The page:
Positive Affirmations… Useful Or Not? | Sixty and Me


I remember standing backstage when I was quite young, waiting to be called onstage for my first performance in a song festival. I may have been 12 or 13 years old. I was about to sing a song I loved from the musical The King and I, titled, “I Whistle a Happy Tune.”

Happy was far from what I felt as I stood there in my new dress and black patent shoes. I would have turned and fled had I not somehow really listened to the lyrics of my song as they streamed through my head: 

Make believe you're brave
And the trick will take you far.
You may be as brave
As you make believe you are.

As I recall it, those words gave me just enough courage to walk in front of the audience and perform my chosen song. That was my first memorable experience with the potential power of positive affirmation. But, in truth, I was already open to the concept because my mother believed strongly that thoughts are things and words are powerful – they could serve you well or bring you harm.

But leap ahead 50 years or so, and you’ll find me a Doubting Thomas when it comes to the usefulness of contemporary positive affirmations. It doesn’t help that my husband thinks the practice is lame. His exact words, offered with a mocking tone, were, “Whatever gets you through the night.” 

But my good friend Bea recently told me that she repeats affirmative phrases whenever she feels herself sliding into a dark place. And another dear friend, Jim Duchesneau, who is about to launch his new book and songs project, called Effective Ways to Heal from Depression, Anxiety, Fear and more…, told me about how he uses a similar approach to restore his own equilibrium.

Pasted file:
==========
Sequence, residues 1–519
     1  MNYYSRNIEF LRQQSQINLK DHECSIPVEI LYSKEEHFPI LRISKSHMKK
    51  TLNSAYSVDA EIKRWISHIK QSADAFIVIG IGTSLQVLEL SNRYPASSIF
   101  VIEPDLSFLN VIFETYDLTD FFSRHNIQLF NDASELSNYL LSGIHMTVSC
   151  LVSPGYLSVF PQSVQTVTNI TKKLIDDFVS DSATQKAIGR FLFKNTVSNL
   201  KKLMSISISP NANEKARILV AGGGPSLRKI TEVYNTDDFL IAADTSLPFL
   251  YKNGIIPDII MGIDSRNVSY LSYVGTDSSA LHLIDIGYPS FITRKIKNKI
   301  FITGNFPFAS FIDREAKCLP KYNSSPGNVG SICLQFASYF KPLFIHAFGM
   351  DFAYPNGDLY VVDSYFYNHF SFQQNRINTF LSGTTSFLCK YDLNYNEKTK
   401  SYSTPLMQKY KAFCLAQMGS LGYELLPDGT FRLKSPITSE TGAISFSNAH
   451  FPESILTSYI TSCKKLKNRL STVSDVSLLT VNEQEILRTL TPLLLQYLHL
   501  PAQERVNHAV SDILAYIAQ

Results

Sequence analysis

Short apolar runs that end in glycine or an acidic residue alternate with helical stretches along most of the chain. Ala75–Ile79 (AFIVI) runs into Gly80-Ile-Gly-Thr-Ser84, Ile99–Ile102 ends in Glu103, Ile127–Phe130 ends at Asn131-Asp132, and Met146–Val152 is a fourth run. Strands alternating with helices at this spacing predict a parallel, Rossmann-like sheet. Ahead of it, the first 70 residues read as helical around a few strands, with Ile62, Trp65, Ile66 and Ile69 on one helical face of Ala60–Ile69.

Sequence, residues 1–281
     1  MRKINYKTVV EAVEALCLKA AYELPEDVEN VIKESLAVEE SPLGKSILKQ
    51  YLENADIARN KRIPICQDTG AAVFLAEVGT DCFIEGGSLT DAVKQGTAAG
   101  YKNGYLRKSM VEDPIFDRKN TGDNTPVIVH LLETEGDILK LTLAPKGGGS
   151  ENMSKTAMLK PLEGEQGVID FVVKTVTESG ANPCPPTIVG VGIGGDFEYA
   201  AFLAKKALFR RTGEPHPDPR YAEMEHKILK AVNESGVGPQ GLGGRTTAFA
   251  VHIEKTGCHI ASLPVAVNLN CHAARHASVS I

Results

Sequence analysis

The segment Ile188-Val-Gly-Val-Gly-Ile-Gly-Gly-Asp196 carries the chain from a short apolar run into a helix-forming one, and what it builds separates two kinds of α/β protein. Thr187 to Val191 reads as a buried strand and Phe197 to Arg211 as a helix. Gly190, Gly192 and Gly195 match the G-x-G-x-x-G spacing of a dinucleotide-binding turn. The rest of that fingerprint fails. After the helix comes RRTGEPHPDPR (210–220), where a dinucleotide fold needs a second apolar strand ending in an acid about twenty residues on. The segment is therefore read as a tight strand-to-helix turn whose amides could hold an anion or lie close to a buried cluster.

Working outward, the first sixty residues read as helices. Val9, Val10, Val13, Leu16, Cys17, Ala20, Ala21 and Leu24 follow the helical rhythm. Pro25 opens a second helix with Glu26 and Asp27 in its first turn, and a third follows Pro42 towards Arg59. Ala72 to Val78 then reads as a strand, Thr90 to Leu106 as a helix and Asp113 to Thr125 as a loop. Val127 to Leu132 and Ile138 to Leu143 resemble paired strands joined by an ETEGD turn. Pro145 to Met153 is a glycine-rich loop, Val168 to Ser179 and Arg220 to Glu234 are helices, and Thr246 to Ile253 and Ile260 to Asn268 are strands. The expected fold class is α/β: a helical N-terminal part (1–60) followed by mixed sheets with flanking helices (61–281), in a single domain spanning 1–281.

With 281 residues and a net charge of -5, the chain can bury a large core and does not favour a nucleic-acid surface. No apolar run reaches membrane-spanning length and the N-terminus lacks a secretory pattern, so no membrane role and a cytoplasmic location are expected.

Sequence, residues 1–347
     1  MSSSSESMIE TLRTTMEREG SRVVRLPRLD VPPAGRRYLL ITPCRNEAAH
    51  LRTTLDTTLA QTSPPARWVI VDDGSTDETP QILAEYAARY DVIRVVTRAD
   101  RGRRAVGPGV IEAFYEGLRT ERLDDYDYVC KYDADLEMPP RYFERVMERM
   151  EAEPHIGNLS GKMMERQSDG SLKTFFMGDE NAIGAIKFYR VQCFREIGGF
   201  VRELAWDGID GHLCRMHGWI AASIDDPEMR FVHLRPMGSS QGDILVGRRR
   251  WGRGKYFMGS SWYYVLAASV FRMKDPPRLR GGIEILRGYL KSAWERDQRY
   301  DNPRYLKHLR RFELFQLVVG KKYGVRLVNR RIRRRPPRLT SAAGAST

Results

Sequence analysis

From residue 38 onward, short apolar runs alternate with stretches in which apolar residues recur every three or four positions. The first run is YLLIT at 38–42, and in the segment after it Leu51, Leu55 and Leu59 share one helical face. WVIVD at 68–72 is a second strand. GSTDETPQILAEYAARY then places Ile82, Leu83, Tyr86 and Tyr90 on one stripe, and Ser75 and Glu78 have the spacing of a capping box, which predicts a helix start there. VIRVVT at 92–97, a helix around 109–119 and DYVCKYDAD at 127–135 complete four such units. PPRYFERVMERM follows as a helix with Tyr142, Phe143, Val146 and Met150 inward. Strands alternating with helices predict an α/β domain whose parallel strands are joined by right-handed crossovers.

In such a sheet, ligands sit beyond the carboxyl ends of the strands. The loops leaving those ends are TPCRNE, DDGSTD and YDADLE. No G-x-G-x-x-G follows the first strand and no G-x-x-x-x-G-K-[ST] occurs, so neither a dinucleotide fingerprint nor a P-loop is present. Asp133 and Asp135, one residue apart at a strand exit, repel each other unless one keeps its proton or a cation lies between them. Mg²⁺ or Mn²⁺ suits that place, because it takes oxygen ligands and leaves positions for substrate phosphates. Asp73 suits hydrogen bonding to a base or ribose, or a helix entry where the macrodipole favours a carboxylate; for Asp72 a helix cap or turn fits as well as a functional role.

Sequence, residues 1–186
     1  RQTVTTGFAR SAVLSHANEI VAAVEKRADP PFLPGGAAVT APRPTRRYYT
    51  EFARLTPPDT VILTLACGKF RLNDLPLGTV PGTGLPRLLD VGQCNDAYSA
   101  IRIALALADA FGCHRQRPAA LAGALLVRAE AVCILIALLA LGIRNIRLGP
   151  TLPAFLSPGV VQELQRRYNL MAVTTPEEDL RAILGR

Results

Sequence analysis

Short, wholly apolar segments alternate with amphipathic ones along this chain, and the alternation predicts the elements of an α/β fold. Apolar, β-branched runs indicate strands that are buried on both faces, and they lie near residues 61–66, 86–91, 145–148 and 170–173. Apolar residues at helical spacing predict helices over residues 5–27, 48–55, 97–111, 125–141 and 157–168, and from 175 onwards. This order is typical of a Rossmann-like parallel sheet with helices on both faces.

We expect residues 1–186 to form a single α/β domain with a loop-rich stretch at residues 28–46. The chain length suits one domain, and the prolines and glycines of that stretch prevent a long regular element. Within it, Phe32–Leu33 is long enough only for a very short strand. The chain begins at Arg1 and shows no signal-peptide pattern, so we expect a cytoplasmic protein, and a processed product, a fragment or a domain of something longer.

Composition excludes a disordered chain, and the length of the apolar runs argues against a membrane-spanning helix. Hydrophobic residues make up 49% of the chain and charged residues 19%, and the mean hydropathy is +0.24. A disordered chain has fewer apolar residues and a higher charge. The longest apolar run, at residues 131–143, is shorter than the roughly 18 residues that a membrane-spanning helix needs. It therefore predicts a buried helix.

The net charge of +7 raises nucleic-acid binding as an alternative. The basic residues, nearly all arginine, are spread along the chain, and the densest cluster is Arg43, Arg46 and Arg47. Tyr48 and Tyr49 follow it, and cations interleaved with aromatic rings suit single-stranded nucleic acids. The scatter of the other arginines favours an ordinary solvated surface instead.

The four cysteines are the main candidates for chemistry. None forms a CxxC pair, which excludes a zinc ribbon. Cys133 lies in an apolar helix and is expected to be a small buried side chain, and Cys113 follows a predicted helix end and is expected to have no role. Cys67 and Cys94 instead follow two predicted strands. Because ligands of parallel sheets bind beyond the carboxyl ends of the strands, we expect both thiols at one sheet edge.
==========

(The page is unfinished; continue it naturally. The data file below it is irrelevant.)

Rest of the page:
Because of these two I decided to study the process a little more deeply.

According to many sources on the internet, affirmations are “positive statements that can help you to challenge and overcome self-sabotaging and negative thoughts.” One very popular YouTube video offers the following statements as the most powerful phrases in use today:

  • I am grateful for the many blessings in my life.
  • I look for and appreciate the good.
  • I attract the perfect people at the right time.
  • Something wonderful is always about to happen.

My friend Bea told me that she has learned over her years of study with both books and mentors that the most effective affirmations begin with “I am” or “I have.” But her three favourites do not follow this form:

  • I now receive showers of blessings and riches galore.
  • I dwell in a state of joyful wonder, and
  • The present is the point of power.

She told me, “Everything is now! Now is the only point from which you can change anything. Keep working with your affirmations for five minutes a day, every day. And by day nine or ten, you will start to feel the benefits.”

So, the idea is to repeat these sayings several times in one sitting. And then do it daily for a month. Thirty days seems to be the magic number. But is there any real science to back up the value of repeating these kinds of statements? Again, I was doubtful. But actually, there are some interesting studies.

From an Annual Review of Psychology by G. L. Cohen and D. K. Sherman: 

“Self-affirmation interventions typically have people write about core personal values. The interventions bring about a more expansive view of the self and its resources, weakening the implications of a threat for personal integrity. […]timely affirmations have been shown to improve education, health, and relationship outcomes, with benefits that sometimes persist for months and years.”